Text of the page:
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Agapanthus Gall Midge was only recognised as its own species in 2016! For this reason, we still know very little about them. It's thought these flies may be native to South Africa, where Agapanthus is an endemic species. This makes it difficult to estimate the level of risk they pose to Agapanthus when still, so little is known. What we do know is that their presence on Agapanthus results in the production of galls. A plant gall is a swelling or growth which, is also sometimes described as a plant tumour or wart. Plants produce galls in response to parasites, from viruses, fungi, bacteria, insects and mites. They can take many forms and act both as food supply and habitat space for those who occupy them. Adult females lay eggs on undeveloped Agapanthus flowers, which the newly hatched larvae begin to feast on when abnormalities to arise. Symptoms involve flowers failing to open. Blower buds may brown, wither, and suffer abnormal growth.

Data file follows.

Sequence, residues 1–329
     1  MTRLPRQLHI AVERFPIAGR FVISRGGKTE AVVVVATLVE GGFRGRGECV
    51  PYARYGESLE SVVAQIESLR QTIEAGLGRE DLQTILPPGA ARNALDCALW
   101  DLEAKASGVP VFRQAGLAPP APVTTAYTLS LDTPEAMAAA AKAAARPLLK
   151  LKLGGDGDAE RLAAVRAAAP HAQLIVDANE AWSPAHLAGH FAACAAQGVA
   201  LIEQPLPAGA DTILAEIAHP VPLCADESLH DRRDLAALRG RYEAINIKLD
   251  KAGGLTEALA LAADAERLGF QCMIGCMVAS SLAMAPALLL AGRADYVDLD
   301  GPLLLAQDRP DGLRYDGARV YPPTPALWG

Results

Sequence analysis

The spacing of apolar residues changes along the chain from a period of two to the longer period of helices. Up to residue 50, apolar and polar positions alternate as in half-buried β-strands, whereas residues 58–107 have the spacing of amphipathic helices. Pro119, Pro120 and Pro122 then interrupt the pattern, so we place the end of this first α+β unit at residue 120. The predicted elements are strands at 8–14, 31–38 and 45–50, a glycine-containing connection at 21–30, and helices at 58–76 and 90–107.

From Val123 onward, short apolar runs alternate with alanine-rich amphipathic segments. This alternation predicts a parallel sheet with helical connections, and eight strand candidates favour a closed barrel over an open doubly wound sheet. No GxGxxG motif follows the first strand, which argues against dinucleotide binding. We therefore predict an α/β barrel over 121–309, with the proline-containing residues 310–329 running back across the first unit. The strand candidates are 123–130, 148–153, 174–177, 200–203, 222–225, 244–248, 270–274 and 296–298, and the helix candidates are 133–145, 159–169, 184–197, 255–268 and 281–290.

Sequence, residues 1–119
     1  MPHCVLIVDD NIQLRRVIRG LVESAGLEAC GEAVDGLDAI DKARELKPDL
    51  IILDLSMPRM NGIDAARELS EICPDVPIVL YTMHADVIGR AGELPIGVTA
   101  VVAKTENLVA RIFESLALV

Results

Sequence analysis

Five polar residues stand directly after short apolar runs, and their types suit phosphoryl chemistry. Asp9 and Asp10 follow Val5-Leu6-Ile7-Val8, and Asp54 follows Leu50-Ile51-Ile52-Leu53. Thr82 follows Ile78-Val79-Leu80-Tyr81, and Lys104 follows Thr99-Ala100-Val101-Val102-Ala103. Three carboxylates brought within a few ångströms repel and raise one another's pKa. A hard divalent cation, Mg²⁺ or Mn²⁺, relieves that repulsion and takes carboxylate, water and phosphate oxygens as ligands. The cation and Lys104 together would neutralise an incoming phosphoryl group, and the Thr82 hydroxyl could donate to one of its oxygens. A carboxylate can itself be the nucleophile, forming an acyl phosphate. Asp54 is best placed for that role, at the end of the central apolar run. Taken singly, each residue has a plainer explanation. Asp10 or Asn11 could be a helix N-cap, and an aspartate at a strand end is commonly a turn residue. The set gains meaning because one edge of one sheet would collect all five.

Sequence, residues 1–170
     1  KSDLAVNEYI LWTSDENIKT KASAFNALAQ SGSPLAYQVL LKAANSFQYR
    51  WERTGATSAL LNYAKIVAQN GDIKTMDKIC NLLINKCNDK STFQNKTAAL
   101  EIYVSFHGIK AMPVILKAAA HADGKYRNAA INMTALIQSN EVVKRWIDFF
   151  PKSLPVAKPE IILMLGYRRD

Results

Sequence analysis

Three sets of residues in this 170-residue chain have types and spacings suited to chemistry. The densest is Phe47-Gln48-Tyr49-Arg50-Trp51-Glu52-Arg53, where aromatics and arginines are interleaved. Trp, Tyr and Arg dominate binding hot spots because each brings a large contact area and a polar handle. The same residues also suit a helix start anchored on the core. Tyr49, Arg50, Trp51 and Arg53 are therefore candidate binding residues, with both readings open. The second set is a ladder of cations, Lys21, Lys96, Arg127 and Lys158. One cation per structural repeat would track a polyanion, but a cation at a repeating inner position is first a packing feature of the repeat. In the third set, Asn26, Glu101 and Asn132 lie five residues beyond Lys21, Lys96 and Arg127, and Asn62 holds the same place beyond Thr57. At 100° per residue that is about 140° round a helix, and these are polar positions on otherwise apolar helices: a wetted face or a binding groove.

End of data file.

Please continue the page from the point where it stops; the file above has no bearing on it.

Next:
We still know very little about this species of gall midge.
Feeding larvae can cause abnormal flowering in agapanthus.
Adults: The adults look like tiny black flies. They may be seen on flower buds of Agapanthus. Larvae: Upon opening the deformed flower bud, you may find creamy/ orange maggots reaching between 1-3mm in length. There may be some watery fluid within the flower bud too.
Irregular/ abnormal flowering in Agapanthus. Sometimes flower buds will fail to open. Buds may turn brown, dry up and start to rot. Sometimes the whole flower head will fail to open.
UK, South Africa.
It has been advised to remove and destroy infected plants. As for container-grown plants, it's been advised to replace the soil with new to remove any overwintering larvae.
Research is currently under weigh to find the best chemical treatment to tackle this midge.